Susan Kelly helps ease service members back into civilian life

The move from military service to civilian life can be a difficult transition for many service members.

It’s the job of the Defense Department’s Transition Assistance Program (TAP) to help make that move as smooth as possible.

Susan Kelly, who heads up TAP, introduced sweeping changes to the 20-year program, reaching out to other agencies and providing a wider swath of assistance to the 200,000 service members who leave the military every year.

“Susan has...

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The move from military service to civilian life can be a difficult transition for many service members.

It’s the job of the Defense Department’s Transition Assistance Program (TAP) to help make that move as smooth as possible.

Susan Kelly, who heads up TAP, introduced sweeping changes to the 20-year program, reaching out to other agencies and providing a wider swath of assistance to the 200,000 service members who leave the military every year.

“Susan has changed how DOD thinks about the transition process,” said Teresa Gerton, deputy assistant secretary for Veterans’ Employment and Training Services at the Department of Labor. “It’s gone from, ‘You’re transitioning in six weeks — good luck!’ to ‘From the minute that someone puts a uniform on, we have to be talking to them about someday, sooner or later, you’re going to be a civilian again, so let’s make sure you are prepared for that transition.’”

For her efforts in improving the process of service members transitioning back to civilian life, the Partnership for Public Service named Kelly a finalist for the 2015 Management Excellence Medal. The award honors federal employees who demonstrate superior leadership and management.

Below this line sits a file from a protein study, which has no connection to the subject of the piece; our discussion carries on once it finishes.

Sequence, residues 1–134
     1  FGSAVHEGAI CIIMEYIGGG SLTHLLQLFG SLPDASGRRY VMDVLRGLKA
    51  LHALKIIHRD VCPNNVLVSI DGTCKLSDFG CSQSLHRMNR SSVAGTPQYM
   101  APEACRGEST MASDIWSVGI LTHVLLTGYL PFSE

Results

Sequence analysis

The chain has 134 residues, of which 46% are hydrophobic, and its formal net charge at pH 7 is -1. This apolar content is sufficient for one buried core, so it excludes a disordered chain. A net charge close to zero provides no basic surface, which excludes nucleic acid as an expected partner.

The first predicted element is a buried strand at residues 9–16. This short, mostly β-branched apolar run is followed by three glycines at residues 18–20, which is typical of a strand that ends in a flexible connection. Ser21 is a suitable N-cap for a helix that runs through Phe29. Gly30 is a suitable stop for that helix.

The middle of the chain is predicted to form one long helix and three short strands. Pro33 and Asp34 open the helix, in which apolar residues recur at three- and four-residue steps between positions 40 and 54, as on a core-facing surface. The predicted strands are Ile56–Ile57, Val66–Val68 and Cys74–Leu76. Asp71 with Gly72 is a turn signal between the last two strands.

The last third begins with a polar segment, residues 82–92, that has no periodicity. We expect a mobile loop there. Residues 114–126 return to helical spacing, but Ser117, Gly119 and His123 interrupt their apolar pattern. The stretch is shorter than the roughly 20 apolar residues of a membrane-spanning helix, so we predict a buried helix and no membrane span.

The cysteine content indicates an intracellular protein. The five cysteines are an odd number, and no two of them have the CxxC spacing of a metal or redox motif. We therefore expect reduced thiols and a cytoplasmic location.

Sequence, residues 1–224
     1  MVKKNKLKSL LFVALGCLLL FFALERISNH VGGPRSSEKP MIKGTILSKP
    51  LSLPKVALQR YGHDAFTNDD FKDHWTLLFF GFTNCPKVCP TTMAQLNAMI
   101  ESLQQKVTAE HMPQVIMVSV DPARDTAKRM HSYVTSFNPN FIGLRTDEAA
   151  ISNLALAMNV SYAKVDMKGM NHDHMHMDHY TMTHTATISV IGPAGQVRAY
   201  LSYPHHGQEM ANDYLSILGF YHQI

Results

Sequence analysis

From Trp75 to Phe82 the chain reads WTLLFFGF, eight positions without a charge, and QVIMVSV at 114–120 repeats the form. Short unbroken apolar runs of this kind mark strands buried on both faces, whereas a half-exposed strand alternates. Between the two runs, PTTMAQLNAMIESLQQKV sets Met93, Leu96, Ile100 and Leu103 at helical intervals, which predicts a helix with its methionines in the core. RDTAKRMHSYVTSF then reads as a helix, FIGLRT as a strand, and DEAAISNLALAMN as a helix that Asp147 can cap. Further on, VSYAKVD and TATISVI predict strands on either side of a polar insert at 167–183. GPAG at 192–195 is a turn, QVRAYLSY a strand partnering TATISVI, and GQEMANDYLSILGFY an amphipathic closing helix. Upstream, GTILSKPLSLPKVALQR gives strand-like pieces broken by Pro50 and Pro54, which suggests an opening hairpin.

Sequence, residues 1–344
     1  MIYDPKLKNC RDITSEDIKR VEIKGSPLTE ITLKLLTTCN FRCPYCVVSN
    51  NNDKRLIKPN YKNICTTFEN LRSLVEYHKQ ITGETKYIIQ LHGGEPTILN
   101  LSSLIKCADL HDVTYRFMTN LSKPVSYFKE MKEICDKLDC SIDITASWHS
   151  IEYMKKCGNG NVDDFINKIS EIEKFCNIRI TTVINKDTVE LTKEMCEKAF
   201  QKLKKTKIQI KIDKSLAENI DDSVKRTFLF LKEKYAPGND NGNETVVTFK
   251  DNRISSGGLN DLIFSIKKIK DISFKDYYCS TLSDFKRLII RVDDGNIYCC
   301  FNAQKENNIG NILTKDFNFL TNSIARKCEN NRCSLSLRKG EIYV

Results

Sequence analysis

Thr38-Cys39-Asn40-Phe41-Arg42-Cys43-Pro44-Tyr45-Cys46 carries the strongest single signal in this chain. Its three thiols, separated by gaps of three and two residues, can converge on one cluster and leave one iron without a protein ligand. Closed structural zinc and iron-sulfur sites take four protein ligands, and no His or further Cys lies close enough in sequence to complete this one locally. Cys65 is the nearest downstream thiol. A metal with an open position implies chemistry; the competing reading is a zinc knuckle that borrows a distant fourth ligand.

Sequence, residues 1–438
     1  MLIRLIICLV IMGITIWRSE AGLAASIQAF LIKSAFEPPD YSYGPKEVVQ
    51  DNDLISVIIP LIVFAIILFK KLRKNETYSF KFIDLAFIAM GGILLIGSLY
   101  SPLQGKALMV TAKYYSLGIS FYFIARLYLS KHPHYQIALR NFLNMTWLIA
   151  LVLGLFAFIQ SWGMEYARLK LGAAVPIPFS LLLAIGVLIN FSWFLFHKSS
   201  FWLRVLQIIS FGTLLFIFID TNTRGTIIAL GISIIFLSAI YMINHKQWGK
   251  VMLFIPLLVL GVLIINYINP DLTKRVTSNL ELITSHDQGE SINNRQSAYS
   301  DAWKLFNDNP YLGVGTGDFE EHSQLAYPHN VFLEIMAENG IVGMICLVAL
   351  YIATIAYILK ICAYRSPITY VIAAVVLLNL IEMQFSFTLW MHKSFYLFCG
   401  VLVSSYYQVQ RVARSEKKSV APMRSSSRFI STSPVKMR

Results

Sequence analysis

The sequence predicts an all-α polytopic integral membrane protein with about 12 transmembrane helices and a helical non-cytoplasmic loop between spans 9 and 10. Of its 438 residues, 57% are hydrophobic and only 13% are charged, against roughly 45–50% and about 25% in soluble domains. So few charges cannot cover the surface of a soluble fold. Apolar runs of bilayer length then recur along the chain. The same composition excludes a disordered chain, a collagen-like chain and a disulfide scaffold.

Getting to know Susan Kelly

Federal News Radio asked each of the Sammies finalists questions about themselves. Here are Kelly’s responses:

What are the best “words of wisdom” I’ve ever received and who gave it to me?

“Be who you are and be that well!” The Sisters at Georgetown Visitation introduced me to this quote and it gives me great freedom!

Who is your greatest role model and why?

While at DoD, I have been fortunate to work with several remarkable people and at the top of the list is Dr. David Chu, the former Under Secretary of Defense. First, he’s brilliant! More important, I saw Dr. Chu always treat everyone with genuine respect, even in the most contentious circumstances. That combination made him a formidable presence in the Pentagon. He is an incredible person and, to this day, I still seek his counsel.

What is the last thing I read?

The Boys in The Boat: Nine Americans and Their Epic Quest for Gold at the 1936 Berlin Olympics”   by Daniel James Brown

What’s next on my reading list?

I have two that I need to get to: “The Road to Character” by David Brooks and Fareed Zakaria’s “In Defense of A Liberal Education“. But, I’ll be on a reading pause for the next several weeks. Instead I’ll be watching the 2015 Women’s World Cup games in the evenings and cheering from the stands in Canada! Go USA!

Who would I like to have lunch with and why?

Good question! I would like to have a conversation with Neil deGrasse Tyson, the “urban astrophysicist” as he calls himself. I just can’t get a solid handle on that “time/space” continuum, among other “cosmic quandaries”.   It would definitely be an extended lunch!


The Management Excellence Medal is just one of the Samuel J. Heyman Service to America Medals (Sammies) presented annually by the Partnership for Public Service. View a photo gallery of all the Sammies nominees.